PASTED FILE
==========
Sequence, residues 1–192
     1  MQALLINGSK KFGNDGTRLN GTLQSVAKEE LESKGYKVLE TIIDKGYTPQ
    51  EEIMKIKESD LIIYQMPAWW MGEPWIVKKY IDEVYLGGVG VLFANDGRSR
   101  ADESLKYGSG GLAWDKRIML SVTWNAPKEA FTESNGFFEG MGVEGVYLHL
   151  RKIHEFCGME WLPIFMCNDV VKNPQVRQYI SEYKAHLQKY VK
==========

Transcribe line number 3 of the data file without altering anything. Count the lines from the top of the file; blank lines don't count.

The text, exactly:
    51  EEIMKIKESD LIIYQMPAWW MGEPWIVKKY IDEVYLGGVG VLFANDGRSR